Skin Sins: Neglecting Exfoliation

Have you ever gone to bed without washing your face? Or neglected to use moisturizer because you didn't think it was necessary? While skin sins range from fairly innocuous to downright dangerous, we've all committed at least one at some point. Join us over the next week or so as we—the bloggers at Mario Badescu Skin Care—confess our very worst skin sins.


Let me begin. Forgive me, dear readers, but I’ve come to this blog today to confess a rather serious skin sin: I spent years (most of my teens and twenties) not exfoliating my skin.In the world of skin care, this sin ranks somewhere between never moisturizing and—the very worst of them all—tanning. While nothing can beat tanning in the canon of serious skin sins, neglecting to exfoliate left me with dull, congested, miserable skin. I think that exfoliating is one of the most underrated things you can do for your skin.

To start, let’s talk about this strictly in terms of acne treatment. When there is excessive oil in the follicles (the pores) of your skin, the oil begins to act as a glue, trapping the dead skin cells on the surface of the skin. Bacteria becomes ensnared inside the pores, resulting in acne. You need to exfoliate away those dead skin cells to achieve clear skin.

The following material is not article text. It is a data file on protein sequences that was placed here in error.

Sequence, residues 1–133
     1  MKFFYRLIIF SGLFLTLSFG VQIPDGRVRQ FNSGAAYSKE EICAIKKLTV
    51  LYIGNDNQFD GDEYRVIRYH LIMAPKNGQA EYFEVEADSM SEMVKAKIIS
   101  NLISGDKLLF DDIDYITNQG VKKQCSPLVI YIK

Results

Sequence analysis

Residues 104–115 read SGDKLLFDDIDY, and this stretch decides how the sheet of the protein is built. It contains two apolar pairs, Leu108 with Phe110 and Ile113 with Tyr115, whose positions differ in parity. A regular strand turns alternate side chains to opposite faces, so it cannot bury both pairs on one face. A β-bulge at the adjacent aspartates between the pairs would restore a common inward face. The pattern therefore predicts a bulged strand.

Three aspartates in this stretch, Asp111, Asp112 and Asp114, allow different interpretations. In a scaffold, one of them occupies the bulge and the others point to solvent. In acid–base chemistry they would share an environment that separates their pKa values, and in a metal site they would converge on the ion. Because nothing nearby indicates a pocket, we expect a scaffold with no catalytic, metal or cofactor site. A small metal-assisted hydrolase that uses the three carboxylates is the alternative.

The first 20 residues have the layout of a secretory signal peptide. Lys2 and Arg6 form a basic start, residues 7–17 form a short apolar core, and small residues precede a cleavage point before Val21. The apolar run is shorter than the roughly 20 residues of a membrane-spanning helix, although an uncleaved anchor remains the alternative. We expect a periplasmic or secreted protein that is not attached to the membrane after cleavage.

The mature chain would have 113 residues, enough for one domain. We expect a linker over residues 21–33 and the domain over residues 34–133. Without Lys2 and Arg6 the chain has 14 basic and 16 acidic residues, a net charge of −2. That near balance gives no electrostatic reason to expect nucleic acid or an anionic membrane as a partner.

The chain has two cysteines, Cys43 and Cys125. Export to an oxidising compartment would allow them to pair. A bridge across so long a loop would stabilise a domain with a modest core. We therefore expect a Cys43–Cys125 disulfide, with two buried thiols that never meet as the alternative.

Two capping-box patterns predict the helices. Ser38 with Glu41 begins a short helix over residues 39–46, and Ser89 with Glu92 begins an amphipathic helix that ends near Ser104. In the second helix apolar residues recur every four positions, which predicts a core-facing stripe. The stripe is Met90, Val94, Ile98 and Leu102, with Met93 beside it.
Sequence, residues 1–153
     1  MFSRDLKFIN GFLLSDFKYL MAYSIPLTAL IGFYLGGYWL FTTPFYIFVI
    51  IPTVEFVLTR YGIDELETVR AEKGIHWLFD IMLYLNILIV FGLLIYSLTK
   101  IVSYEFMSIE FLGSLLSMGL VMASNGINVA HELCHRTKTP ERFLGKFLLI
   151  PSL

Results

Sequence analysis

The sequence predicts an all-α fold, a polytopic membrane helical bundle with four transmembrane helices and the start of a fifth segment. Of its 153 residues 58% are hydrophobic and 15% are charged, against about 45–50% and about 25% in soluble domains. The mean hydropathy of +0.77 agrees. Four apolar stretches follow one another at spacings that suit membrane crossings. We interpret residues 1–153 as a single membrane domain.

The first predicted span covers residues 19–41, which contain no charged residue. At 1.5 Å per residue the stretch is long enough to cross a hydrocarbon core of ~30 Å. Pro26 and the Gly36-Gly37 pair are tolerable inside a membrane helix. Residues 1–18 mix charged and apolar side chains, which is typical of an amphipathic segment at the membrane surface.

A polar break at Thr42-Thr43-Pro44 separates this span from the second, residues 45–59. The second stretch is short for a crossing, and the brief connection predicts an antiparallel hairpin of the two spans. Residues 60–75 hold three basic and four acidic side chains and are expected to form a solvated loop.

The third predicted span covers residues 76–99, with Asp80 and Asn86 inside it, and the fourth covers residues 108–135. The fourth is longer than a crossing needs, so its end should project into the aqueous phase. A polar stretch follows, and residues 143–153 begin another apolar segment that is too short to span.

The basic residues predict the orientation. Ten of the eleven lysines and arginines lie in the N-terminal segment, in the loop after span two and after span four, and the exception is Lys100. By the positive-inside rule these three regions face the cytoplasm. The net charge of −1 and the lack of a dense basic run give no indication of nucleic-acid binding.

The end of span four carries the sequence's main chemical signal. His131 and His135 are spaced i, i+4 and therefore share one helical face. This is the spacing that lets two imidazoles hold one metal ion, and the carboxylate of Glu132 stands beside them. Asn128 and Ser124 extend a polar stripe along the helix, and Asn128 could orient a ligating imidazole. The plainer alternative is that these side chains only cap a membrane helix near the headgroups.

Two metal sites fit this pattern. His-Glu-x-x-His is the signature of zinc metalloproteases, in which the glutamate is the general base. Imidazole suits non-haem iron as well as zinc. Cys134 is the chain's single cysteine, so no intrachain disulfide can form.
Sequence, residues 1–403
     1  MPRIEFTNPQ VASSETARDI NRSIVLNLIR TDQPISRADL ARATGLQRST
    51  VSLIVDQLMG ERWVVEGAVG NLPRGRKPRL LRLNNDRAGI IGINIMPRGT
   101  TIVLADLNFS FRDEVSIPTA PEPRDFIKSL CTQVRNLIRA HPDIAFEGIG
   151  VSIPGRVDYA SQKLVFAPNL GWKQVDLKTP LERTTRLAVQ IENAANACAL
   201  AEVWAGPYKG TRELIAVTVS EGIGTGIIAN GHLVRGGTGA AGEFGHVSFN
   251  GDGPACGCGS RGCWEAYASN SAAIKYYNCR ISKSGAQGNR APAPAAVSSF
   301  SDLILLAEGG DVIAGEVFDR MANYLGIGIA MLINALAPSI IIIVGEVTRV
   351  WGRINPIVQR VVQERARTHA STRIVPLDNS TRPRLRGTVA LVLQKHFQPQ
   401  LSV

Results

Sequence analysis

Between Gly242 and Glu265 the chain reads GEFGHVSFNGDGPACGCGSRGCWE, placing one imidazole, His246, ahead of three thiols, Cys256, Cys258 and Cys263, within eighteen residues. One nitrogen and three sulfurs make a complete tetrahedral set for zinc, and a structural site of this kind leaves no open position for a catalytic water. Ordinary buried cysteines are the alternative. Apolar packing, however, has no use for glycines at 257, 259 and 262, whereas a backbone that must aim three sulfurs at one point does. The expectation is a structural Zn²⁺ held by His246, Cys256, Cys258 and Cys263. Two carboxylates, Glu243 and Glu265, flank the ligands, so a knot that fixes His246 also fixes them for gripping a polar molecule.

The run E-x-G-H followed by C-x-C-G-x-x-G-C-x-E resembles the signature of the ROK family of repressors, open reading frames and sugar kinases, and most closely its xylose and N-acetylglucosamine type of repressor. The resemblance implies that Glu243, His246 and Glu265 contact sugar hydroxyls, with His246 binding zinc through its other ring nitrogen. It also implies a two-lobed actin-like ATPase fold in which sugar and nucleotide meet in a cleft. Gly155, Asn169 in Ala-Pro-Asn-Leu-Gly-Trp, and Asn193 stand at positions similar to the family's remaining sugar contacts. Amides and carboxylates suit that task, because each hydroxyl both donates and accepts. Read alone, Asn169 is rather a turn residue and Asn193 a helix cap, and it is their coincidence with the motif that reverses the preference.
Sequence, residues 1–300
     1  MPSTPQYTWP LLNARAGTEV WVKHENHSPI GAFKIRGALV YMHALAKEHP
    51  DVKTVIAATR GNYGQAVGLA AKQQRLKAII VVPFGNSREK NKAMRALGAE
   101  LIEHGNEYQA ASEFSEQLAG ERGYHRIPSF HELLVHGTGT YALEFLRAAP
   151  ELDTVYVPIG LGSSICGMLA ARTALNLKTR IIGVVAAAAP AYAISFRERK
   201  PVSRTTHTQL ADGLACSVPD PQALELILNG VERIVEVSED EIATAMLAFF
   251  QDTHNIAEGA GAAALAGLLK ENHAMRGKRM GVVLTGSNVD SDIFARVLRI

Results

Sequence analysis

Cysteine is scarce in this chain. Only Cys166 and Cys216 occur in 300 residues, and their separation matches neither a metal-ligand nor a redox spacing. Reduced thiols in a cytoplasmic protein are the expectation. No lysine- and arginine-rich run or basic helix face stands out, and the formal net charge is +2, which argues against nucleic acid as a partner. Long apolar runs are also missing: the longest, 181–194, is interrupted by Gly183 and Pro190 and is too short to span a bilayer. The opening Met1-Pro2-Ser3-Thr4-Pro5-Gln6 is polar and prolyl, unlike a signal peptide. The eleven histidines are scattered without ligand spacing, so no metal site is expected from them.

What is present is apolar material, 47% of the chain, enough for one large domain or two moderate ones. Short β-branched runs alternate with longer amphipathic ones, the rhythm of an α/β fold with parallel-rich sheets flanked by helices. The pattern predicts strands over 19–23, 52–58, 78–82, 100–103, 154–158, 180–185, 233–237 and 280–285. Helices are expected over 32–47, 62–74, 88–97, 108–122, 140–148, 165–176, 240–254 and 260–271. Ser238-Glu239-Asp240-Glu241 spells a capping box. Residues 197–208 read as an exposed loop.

And aging? Well, the skin begins to shed dead skin cells more slowly as you age, which can make your skin look dull and, frankly, older.

Furthermore, exfoliation makes it possible for treatment products to penetrate the skin. Think about it: would you try to apply stain or paint to an old, rough piece of wood? You’d probably sand it first, right? (Equating skin exfoliation with sanding wood may be a mistake—remember to be gentle with your skin!)


These days, I use a cleanser with Glycolic Acid two to three times a week. The Glycolic Acid is a chemical that literally eats away at dead skin cells. You can also use a scrub to exfoliate—but only if you’re not currently experiencing acne eruptions. Now that I’ve confessed, it’s your turn. What your worst skin sin?

Back to blog
1 of 3